Volume 18 - Issue 5 - May 2005
The debate that continues about the DPM/MD or DPM/DO dual degree is understandable, as demonstrated by Duane Dumm, DPM (see pg. 14, “Dual Degrees May Not Benefit DPMs,” March issue). Change is difficult. Change is suspect. Change is resisted. However, in podiatric medicine, change is a function of rapid growth with dimensions of practice that many take for granted and perhaps others do not fully realize.
First, dual degrees are not simply programs designed to benefit the DPM. While there certainly is a benefit to the podiatric physician, the ultimate
Diabetes Watch »
Diabetic neuropathy is a major risk factor in patients with diabetes. However, a larger impending threat to patients with neuropathy is the risk of developing Charcot arthropathy and ultimately an ulcer that causes deformity or joint instability. In patients with diabetic neuropathy, Charcot arthropathy alone results in an increased risk of ulceration and/or amputation.1 The subsequent deformities one sees with Charcot, predominantly the rocker bottom deformity, are due to the loss of structural joint integrity.
The subsequent deformities one
Diagnostic Dilemmas »
As I get more in tune with patient care, I find that the simple cases such as hallux limitus are more difficult than I initially thought because they are often more complicated and involved than the original examination might show. I have come to this conclusion after being burned by a couple of trouble cases and learning what to look for as a result.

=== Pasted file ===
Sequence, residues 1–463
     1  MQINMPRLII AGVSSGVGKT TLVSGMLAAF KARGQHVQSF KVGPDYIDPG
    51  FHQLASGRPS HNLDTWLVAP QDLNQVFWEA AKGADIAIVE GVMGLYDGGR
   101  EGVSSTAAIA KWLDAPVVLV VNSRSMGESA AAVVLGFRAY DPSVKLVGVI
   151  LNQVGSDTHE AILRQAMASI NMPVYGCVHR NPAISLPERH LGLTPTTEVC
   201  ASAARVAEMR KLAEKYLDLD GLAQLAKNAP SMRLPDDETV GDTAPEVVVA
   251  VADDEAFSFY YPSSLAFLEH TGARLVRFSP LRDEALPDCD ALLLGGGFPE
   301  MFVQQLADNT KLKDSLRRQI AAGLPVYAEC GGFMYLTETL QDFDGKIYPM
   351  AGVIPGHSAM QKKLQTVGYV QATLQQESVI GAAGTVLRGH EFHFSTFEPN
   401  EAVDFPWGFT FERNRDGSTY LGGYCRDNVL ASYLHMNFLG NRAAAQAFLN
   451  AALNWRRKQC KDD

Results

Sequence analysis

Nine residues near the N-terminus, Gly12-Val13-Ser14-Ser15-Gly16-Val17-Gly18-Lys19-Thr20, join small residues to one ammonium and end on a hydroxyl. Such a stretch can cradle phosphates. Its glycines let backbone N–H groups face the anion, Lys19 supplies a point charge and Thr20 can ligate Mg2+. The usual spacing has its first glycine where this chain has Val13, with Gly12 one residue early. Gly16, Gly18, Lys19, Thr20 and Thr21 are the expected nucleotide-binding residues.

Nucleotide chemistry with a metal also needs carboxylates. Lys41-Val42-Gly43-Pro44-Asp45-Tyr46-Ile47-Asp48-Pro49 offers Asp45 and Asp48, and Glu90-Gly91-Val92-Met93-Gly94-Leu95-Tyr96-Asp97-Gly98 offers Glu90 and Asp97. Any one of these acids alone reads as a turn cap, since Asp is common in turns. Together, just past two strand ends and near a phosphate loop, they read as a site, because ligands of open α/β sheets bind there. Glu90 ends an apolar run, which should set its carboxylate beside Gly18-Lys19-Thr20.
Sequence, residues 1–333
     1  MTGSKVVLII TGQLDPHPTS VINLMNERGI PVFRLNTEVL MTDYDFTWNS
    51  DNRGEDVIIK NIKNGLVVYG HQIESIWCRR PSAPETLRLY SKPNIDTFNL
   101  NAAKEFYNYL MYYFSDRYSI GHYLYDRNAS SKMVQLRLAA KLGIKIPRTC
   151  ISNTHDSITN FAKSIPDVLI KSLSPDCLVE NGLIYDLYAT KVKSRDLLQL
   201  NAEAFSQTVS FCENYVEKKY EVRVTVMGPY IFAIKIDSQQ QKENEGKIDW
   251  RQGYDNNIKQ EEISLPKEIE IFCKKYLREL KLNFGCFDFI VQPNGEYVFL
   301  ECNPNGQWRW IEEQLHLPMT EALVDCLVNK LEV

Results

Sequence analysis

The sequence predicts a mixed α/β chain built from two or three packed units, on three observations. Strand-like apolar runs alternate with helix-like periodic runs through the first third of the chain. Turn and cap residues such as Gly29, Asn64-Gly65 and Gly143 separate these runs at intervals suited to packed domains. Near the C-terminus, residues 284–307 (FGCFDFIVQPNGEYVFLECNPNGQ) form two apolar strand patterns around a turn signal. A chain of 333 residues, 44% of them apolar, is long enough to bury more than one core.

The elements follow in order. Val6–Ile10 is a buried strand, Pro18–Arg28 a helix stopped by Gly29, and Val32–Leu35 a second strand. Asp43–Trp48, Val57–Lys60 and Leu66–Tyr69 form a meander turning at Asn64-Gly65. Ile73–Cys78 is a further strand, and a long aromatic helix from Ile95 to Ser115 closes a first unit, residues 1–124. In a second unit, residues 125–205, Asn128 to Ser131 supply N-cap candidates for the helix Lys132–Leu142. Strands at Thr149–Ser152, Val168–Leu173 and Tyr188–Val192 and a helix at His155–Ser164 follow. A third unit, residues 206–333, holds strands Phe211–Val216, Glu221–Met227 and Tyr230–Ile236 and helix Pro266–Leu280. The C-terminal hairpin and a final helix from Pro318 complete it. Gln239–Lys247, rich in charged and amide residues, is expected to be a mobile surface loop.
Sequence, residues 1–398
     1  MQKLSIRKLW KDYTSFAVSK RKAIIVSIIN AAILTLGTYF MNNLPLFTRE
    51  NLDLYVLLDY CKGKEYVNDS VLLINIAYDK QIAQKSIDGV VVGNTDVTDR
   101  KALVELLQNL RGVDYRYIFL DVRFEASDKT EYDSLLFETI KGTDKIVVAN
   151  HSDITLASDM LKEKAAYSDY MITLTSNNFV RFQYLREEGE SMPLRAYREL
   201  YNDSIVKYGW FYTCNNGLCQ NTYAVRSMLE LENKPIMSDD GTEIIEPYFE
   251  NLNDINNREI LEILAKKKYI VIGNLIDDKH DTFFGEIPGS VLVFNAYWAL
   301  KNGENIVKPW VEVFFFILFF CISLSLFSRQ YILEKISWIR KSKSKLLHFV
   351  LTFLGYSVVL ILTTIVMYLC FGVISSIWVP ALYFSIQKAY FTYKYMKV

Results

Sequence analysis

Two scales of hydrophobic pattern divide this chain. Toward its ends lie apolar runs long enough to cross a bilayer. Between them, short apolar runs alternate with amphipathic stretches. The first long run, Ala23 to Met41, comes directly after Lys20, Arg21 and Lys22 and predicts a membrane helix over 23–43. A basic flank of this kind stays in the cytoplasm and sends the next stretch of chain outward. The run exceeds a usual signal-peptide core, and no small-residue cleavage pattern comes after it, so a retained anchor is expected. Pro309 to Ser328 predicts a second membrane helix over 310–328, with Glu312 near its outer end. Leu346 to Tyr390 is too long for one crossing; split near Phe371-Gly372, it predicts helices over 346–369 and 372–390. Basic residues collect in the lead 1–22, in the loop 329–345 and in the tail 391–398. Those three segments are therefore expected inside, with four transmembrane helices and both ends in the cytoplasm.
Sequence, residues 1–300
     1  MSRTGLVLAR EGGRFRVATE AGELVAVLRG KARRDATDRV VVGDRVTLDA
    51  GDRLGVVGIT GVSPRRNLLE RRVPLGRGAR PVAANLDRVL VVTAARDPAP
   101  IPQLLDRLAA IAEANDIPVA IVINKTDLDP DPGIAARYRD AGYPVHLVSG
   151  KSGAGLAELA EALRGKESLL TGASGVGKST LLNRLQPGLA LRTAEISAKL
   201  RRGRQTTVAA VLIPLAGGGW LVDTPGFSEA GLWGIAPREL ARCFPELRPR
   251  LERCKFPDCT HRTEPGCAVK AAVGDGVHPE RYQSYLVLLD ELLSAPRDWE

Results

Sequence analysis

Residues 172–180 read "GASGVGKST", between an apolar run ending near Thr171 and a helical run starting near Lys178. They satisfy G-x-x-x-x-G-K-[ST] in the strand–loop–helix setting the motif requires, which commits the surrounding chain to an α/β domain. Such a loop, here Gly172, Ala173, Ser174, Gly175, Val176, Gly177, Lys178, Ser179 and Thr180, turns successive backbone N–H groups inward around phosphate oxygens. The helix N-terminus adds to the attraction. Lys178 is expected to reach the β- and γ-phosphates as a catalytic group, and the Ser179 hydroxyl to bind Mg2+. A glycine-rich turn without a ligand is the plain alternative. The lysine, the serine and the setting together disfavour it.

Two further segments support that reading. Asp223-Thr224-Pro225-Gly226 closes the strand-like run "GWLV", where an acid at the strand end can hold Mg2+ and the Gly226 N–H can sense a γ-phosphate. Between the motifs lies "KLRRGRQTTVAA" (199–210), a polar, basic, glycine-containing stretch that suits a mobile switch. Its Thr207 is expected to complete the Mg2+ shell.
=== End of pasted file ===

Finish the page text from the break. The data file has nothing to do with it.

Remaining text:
A typical patient is a 47-year-old female with chronic pain in the great toe. She has trouble in dress shoes and has mild limitation of shoegear. The patient reports having mild pain when playing golf and th
New Products »
For injured patients who need supportive and comfortable braces, clinicians may want to give an established product line another look.
The Aircast line of pneumatic walking braces, including the XP Walker™ (extra pneumatic), FP Walker™ (foam pneumatic) and SP Walker™ (short pneumatic), have been improved. The improved braces were unveiled recently at the annual meeting of the American Academy of Orthopaedic Surgeons.
In order to provide enhanced support and protection,
News and Trends »
Congressional legislation has been able to hold off cuts in Medicare reimbursement for the last several years. However, the relief may have been only temporary. If Congress does not take further action beyond the temporary 2004-05 legislative fix, physicians may see a reduction in Medicare reimbursement in 2006.
Without a legislative remedy, podiatrists will see a 5.2 percent reduction in Medicare payments next year, notes Julie K. Letwat, JD, MPH, the Director of Health Policy and Practice Advocacy for the American College of Foot and Ankle Surgeons (ACF
Surgical Pearls »
A challenging problem for any podiatric surgeon is surgically managing cases in which a silicone elastomer implant in the first metatarsophalangeal joint (MPJ) has failed. When patients initially present with this problem, they will complain of pain, deformity or both at either the first or lesser metatarsophalangeal joints.
The cause of the pain or deformity can be multifactorial. The possible causes may include: chronic synovitis and swelling around the implant; chronic skin fistulas; implant breakage or fragmentation; severe periarticular bony subside
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